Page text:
B.J. Divan, J.
1. The petitioner in the present Civil Revision Application is the original plaintiff and the respondent is the original defendant. A suit was filed by the plaintiff in 1962 in the City Civil Court at Ahmedabad being Civil Suit No. 867 of 1962 of that Court. At the trial of that suit a document Ex. 4/1 was tendered as an exhibit and the learned Judge trying the suit came to the conclusion that it was insufficiently stamped. He therefore assessed the deficit at Rs. 88-50 and he also assessed the penalty at Rs. 885/-. The total amount according to the learned Judge therefore came to Rs. 973-50 and the learned Judge then passed the following order:
I impound the instrument Ex. 4/1. and direct that plaintiff shall pay an amount of Rs. 973-50 nP. as deficit stamp duty and penalty within two weeks from today.
It is against this order of the learned trial Judge that the plaintiff has filed this Revision Application.
2. The order passed by the learned Judge in the City Civil Court was clearly defective inasmuch as the learned Judge had no jurisdiction to insist that the penalty should be paid or that it should be paid within a particular period. Under Section 34 proviso (a) of the Bombay Stamp Act 1958 (hereinafter referred to as the Act) he had the power to admit a particular document in evidence on payment of the duty together with the penalty payable thereon; but he was also bound under Section 33 of the Act to impound the document and then under Section 37 send to the Collector an authenticated copy of such instrument together with the certificate in writing stating the amount of duty and penalty levied in respect thereof and had to send such amount to the Collector or to such person as the Collector may appoint in this behalf. Instead of adopting the procedure which is clearly referred to in Section 34 proviso (a) and Section 37(1) of the Act the learned Judge has passed the order directing the impounding and the payment of penalty without passing the appropriate order under Section 34 proviso (a). As I have mentioned earlier the only order that the learned Judge could have passed was to admit the document on record subject to the deposit of stamp duty and penalty.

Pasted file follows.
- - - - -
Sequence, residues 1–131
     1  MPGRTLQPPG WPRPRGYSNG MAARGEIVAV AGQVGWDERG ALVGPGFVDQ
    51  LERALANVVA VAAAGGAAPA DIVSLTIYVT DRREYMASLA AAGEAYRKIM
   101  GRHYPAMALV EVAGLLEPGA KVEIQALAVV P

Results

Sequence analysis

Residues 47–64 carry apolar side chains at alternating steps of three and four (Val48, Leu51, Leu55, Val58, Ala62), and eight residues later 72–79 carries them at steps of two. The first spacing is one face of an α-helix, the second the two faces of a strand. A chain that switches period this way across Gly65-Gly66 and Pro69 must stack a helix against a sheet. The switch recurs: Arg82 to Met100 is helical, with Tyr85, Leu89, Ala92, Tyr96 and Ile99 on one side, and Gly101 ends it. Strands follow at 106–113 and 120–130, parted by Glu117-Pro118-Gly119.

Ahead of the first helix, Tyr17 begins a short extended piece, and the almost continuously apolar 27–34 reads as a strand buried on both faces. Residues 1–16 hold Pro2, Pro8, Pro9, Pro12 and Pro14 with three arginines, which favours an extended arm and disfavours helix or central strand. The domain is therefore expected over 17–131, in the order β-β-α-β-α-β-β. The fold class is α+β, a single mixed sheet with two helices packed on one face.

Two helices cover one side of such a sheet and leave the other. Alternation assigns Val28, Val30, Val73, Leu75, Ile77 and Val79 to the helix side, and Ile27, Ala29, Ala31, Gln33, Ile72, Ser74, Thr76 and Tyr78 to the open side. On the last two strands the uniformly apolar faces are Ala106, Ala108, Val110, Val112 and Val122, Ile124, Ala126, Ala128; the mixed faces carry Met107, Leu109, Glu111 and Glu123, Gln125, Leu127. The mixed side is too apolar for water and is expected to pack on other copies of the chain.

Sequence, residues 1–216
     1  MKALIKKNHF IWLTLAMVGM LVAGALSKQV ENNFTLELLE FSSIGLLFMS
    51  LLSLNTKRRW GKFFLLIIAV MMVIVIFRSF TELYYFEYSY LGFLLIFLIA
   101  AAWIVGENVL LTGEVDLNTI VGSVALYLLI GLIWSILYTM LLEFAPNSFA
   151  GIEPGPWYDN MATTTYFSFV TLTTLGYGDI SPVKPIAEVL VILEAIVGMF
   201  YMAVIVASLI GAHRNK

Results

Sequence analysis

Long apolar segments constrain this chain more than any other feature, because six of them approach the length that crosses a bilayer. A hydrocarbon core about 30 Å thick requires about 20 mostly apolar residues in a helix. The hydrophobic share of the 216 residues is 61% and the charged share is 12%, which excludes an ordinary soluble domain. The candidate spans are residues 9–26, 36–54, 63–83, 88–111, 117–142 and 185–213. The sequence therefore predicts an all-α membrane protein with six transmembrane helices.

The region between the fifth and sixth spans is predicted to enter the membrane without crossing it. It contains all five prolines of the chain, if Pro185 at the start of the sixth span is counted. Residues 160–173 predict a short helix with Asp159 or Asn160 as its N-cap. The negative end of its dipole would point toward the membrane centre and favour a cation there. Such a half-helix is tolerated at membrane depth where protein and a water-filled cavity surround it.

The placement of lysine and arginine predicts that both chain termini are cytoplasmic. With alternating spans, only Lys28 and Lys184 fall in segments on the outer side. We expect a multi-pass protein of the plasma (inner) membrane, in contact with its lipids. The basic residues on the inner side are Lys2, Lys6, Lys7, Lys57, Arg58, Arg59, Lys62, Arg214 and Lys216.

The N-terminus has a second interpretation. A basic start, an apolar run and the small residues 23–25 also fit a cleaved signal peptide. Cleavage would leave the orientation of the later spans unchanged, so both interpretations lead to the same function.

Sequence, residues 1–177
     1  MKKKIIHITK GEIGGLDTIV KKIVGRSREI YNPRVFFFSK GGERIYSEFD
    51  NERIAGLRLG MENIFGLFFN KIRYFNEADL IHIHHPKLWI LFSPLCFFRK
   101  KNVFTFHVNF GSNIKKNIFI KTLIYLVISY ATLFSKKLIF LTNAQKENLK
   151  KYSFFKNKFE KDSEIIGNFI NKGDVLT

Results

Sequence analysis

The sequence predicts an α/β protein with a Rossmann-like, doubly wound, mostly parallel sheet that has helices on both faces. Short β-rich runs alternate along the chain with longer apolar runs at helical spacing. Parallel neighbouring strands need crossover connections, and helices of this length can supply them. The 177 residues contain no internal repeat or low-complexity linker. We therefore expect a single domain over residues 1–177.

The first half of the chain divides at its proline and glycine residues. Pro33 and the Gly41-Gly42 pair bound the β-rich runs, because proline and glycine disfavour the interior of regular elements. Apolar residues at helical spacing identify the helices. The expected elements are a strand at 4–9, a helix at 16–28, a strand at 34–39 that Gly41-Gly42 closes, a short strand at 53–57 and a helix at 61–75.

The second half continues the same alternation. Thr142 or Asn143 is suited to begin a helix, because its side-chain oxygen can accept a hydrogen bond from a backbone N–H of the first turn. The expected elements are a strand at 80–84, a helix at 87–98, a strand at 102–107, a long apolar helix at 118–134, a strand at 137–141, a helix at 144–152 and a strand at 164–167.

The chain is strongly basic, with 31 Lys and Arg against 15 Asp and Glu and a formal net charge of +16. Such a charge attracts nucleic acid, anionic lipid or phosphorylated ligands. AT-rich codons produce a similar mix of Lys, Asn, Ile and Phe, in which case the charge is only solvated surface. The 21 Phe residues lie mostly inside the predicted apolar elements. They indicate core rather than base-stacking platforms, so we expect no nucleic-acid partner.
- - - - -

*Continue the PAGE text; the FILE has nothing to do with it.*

3. It was contended before me on behalf of the petitioner by Mr. Peerzada relying on the decisions in Pearey Lal v. Sukhan Ram : AIR1926All478 ; and Jai Narayan v. Yasin Khan A.I.R. 1955 Hyderabad 17 that under the Act it is only the Collector who has the jurisdiction to assess the correct amount of stamp duty payable in respect of a particular instrument and in view of such assessment to decide the amount of the penalty leviable in respect of the document concerned. In : AIR1926All478 Dalai J. who dealt with the matter was concerned with a point slightly different from the point that I have to deal with. He laid down that were a Judge discovers that an instrument presented to him is insufficiently stamped he is bound to impound it before he admits the instrument in evidence upon payment of a penalty and of deficient duty. The decision then finally rests with the Collector to determine whether the instrument was really insufficiently stamped or not and that duty cannot be discharged by an appellate Court. There is nothing in the Allahabad decision to show that the view that I am taking in the instant case viz. that it is in the first instance for the Court concerned or the authority taking the document in evidence to decide what is the deficit court fee and the penalty leviable in respect of the particular instrument or document and that ultimately it is for the Collector when the authenticated copy is sent to him to decide what is the amount of the correct deficit and the penalty is erroneous. It may be pointed out that under Section 38(1) when the copy of an instrument is sent to the Collector he may if he thinks fit refund any portion of the penalty in excess of Rs. 5/which has been paid in respect of such instrument. Therefore the finality is given to the Collectors decision regarding the deficiency if any in the stamp duty and the penalty leviable thereon but it is in the first instance for the Court concerned or the authority taking the document as a part of evidence before it to decide how much is the deficit of the stamp duty and what penalty shall be levied thereon. It is not correct to say that it is only for the Collector to decide the deficiency in the stamp duty or penalty leviable because of such deficiency. If the contention of Mr. Peerzada is accepted no effect can be given to provisos to Section 34 and the whole scheme of the Act as set out in Section 37(1) and 38 would be rendered nugatory.